Congratulations to all those who won an award or scholarship!
Eleta Britton Graduate Scholarship in History
Ivie Cornish Memorial Fellowship
Jean Armstrong Fletcher Award
Mary Beth Start
Professor Kenneth Hilborn Graduate Internship in Public History
Professor Kenneth Hilborn Graduate Student Award for Research & Conference Travel
Lynne-Lionel Scott Fellowship
United Empire Scholarship for Local History
William Edgar Travel Fund
Harris Steel PhD Support
Ley & Lois Smith Military History Fund
Jessica Del Duca
All your hard work paid off!
Details on the terms & criteria for all the awards are here: http://history.uwo.ca/graduate/awards_and_scholarships.html.
Jonathan Vance has been the historical consultant to the Bank of Canada for the new $10 bill. It was unveiled on Friday. For more information on the new bank note, please go to:
Geoff Stewart’s monograph – Vietnam’s Lost Revolution: Ngo Dihn Diem’s Failure to Build an Independent Nation (1955-1963) has been published with Cambridge University Press. Congratulations!
There is an article in the London Free Press about a Vimy Ridge virtual reality exhibit put on by Royal Canadian Regiment Museum at Wolseley Barracks. Our Professor Jonathan Vance is interviewed for the wonderful article which you can read here.
Congratulations to Dr. Richard Holt on his recent publication, Filling the Ranks: Manpower in the Canadian Expeditionary Force, 1914-1918. Richard is a three time graduate of the History program here at Western, and was recently featured in the news. Read the news article here: https://www.ourperth.ca/news-story/7191088-als-no-barrier-to-richard-holt-s-passion-for-military-history/.
The inaugural Michael E. DeBakey Lecture will be given by Shelley McKellar, PhD and George P. Noon, PhD on March 21 at the National Library of Medicine.
In advance of this lecture, Shelley McKellar was interviewed by Circulating Now, and talks about how she became interested in the history of medicine and about Michael DeBakey's legacy.
Read the full interview here: https://circulatingnow.nlm.nih.gov/2017/03/09/intentional-impact-the-legacy-of-michael-e-debakey/.
Michelle Hamilton talks about London's first indigenous physician in a The Londoner article you can read here.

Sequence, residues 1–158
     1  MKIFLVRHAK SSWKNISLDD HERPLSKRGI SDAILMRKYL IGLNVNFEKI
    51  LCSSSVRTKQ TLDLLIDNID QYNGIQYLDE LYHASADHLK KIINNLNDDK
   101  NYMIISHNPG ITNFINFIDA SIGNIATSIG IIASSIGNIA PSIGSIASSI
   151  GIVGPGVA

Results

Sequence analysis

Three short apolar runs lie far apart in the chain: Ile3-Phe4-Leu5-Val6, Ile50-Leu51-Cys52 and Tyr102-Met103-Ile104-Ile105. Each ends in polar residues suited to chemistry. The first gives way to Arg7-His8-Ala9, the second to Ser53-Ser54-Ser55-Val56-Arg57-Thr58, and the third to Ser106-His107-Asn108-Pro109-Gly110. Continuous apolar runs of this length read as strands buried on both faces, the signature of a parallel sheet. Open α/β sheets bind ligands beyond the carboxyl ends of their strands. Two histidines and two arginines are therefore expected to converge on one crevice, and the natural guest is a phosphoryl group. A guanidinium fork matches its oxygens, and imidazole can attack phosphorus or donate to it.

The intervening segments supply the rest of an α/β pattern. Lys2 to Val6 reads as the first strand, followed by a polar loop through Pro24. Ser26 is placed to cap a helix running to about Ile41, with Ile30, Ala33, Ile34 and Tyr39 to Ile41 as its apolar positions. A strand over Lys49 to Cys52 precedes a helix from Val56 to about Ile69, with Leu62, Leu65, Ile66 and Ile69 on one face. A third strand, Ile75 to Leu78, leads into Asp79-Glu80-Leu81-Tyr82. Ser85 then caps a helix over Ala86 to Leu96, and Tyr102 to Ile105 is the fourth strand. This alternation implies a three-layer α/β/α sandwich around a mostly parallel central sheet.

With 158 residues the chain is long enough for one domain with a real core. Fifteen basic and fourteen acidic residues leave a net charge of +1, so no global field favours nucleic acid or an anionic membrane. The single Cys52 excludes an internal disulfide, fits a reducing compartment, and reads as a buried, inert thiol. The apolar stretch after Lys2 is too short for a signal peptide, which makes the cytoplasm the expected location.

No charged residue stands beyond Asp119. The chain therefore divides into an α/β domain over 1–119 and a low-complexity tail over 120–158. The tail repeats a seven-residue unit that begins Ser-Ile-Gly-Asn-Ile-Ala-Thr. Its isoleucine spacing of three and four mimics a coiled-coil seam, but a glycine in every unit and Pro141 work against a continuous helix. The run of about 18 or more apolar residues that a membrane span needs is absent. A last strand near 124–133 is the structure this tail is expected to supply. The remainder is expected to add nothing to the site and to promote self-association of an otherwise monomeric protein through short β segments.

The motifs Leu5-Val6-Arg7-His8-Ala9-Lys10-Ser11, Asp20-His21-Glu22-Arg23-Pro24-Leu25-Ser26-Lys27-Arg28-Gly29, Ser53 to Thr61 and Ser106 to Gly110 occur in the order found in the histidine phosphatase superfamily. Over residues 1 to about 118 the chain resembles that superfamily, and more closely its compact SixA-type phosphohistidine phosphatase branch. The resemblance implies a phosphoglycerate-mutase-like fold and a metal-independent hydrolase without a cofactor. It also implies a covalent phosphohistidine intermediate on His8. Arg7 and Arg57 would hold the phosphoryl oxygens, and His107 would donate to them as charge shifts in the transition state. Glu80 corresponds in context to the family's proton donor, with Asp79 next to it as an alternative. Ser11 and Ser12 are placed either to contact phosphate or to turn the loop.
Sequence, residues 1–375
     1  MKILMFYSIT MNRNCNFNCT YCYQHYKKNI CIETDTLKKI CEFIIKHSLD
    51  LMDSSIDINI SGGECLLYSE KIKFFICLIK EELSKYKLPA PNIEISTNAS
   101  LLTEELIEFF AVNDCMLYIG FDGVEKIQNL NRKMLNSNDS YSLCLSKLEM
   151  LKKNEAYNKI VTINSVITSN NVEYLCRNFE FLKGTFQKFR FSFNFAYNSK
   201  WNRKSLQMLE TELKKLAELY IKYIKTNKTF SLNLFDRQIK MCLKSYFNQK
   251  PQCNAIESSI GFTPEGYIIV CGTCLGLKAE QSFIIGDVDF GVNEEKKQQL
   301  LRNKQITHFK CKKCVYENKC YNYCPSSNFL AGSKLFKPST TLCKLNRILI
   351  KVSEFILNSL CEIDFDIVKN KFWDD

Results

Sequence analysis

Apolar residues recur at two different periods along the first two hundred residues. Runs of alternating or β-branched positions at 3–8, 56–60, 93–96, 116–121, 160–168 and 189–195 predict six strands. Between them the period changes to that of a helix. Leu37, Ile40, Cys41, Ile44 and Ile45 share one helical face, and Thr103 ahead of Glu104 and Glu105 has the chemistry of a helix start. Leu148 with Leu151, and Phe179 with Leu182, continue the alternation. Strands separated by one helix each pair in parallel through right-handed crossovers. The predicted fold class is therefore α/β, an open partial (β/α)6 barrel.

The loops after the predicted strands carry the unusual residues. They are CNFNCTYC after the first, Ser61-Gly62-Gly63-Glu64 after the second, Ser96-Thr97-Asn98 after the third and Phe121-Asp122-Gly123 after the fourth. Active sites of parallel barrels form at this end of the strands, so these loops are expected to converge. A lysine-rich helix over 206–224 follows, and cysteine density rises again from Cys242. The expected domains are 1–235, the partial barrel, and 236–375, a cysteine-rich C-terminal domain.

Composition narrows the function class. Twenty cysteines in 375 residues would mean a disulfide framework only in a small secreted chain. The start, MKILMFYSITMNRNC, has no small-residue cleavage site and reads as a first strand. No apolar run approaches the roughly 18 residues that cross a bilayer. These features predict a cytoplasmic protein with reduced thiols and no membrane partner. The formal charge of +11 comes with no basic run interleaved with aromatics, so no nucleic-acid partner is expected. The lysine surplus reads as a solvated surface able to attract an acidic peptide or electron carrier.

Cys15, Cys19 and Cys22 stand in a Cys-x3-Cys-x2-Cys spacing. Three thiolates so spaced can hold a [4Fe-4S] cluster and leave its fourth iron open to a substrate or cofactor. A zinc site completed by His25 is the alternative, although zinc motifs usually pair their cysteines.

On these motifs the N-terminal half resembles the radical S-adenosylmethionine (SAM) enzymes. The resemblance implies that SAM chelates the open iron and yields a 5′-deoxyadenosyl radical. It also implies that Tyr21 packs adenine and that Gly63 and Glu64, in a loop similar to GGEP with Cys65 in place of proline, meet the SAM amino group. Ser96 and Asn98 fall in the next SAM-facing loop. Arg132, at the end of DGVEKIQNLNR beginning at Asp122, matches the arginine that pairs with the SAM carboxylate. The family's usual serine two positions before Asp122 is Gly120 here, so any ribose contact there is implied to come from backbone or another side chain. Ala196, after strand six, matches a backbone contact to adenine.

Dr. Oronhyatekha (1841-1907), born at the Six Nations of the Grand River, led an extraordinary life, rising to prominence in medicine, politics, and fraternalism. In London, he served as physician to several local reserves, established a downtown practice, became embroiled in the controversial search for Tecumseh’s grave, lobbied for the vote for Native peoples, and lost a son in the 1881 Victoria Day disaster. Successfully challenging the racial criteria of London’s Independent Order of Foresters, a fraternal life insurance company, he became its first non-white member and ultimately its Supreme Chief Ranger.
Michelle Hamilton will focus on Dr O's time in London, and be on hand to sell and sign books.
The open-access Canadian Journal of Surgery (CJS)is publishing a topic collection on the First World War, analyzing the contributions made by Canadian universities to the medical care of Canada’s soldiers in the First World War. CJS intends to continue the Canadian Universities series until the centenary of the Armistice. For the topic collection, click here:
A number of Western University faculty have published articles in the Canadian Journal of Surgery (including our own Michelle Hamilton and Shelley McKellar):
Western's History of Medicine website can be found here:
A wonderful article about Public History students in the Faculty of Social Science's News and Updates begins:
Students from Western’s MA Public History Program have contributed to A Driving Force: Women of the London, Ontario, Visual Arts Community 1867-2017, a unique Canada 150 project, being developed as a multimedia website by McIntosh Gallery. The project explores the role of women in London and the south-western Ontario art community, but had a more concrete goal for the students in their introductory public history graduate course.
To read more, please click here.
The year marks the sesquicentennial of the Confederation, but also the Centennial of the First World War battle at Vimy. The Royal Canadian Regiment Museum has partnered with the Public History program, for a virtual exhibition, hosted by Virtual Museum of Canada and financed through Community Stories program. Our project explores themes such as collective memory and grief in the aftermath of the First World War. The City of London, Ontario - Municipal Government, was no exception to the heavy tribute paid by Canadians at home for the war fought overseas.
Recent research revealed 91 addresses or as many houses in mourning between 1914 and 1921 because their loved ones sacrificed themselves at the front. Londoners will then be given an opportunity to find which house in their neighbourhood was in mourning one hundred years ago or even if they currently reside in one of these houses. They will also be invited to examine how their neighbourhoods became networks for support and collective commemoration. Traditionally the latter is associated with the rolls of honour, commemorative plaques, and cenotaphs that multiplied exponentially within the two decades following the First World War, however in our virtual exhibit we are trying to highlight the more personal experience of loss.
Professor Marta Dyczok interviews American IR Professor Daniel Drezner about Trump and what Ukraine can expect from him. Read or listen to the Ukraine Calling radio interview here.
There is a wonderful Western News article "Grad student steps back from regular history" about PhD student Tristan Johnson. Read the article here and then pop on over to his YouTube channel "Step Back History" to watch some quirky takes on history.